I side with these executives,  I don’t think is method is going to be accessible and effective for all artists, I mean if the artists want to decrease spending and self release of course it might be less cost effective but I doubt it will induce more sales. What do you think? Can this ‘surprise’ method be a sustainable approach for artists  in the music industry?

Sources

“Skrillex Goes Direct To Fans: And It Works”, Next Big Sound:  http://blog.nextbigsound.com/post/81388559458/skrillex-goes-direct-to-fans-and-it-works

“Is the Beyonce ‘Suprise’  Album Drop Working For Others?”, BillboardBiz:  http://www.billboard.com/biz/articles/news/retail/6029292/is-the-beyonce-surprise-album-drop-working-for-others

 

Next Steps: The Future of Twitter in the Music Industry

As cited today by The New York Times, Twitter and Billboard have now teamed up to release a real-time music chart, based on consumer twitter data. This seems to follow in-line with the recent steps taken by Twitter’s increasingly active stake within the music industry. These can be characterized by the deal with the music label / content company 300 and more recently the removal of #music app from Apple’s iTunes store. Twitter has seemed to realign it’s interests to become an imperative player within the music industry.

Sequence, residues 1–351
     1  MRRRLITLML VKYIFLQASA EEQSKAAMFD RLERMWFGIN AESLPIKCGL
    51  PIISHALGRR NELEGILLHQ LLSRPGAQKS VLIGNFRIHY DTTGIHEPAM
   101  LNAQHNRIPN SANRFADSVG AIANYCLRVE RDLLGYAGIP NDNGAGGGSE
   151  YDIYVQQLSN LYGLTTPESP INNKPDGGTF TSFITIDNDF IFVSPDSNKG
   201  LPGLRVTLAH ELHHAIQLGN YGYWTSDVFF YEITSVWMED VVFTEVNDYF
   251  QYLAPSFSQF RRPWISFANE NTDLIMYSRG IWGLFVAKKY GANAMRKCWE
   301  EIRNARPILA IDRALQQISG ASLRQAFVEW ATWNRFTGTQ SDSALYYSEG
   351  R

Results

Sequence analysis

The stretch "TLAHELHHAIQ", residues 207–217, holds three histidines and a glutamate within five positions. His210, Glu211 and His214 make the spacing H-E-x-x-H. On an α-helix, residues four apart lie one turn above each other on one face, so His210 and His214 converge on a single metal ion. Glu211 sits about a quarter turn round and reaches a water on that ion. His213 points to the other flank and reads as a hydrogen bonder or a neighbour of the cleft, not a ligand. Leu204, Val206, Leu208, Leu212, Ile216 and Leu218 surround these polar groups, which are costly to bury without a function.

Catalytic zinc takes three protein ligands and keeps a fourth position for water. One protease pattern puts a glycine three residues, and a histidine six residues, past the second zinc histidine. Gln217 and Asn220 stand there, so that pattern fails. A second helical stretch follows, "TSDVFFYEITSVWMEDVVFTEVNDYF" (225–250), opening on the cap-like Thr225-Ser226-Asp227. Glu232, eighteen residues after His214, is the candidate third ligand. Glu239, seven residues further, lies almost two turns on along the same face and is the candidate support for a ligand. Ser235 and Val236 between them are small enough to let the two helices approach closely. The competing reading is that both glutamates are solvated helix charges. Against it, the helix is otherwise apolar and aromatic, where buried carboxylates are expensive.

Key Takeaways:

Usable Metrics and Time Decay: A new shift towards a real-time based music chart places further emphasis on artist’s use of Twitter as a viable means of conversation and visibility. One of the largest issue’s with sharing over twitter is ‘time decay’, depending on the number of users one follows, a ‘tweet’ or ‘retweet’ can appear in any given user’s feed for a variable period of time.

The trending topics sidebar ( although geo-located ) is too holistic in terms of music visibility/ discovery (often only unattainable through unreplicatable events, usually based on an artist or act’s size – see Beyonce ). That being said, if the chart’s are geo-based, there will most likely be a high level of artist repeatability, but may allow for some variability ( hopefully an up-and-coming localized act ). Therefore, it may also spawn greater analytical tools for artists to make adaptations to their outreach / social marketing campaigns.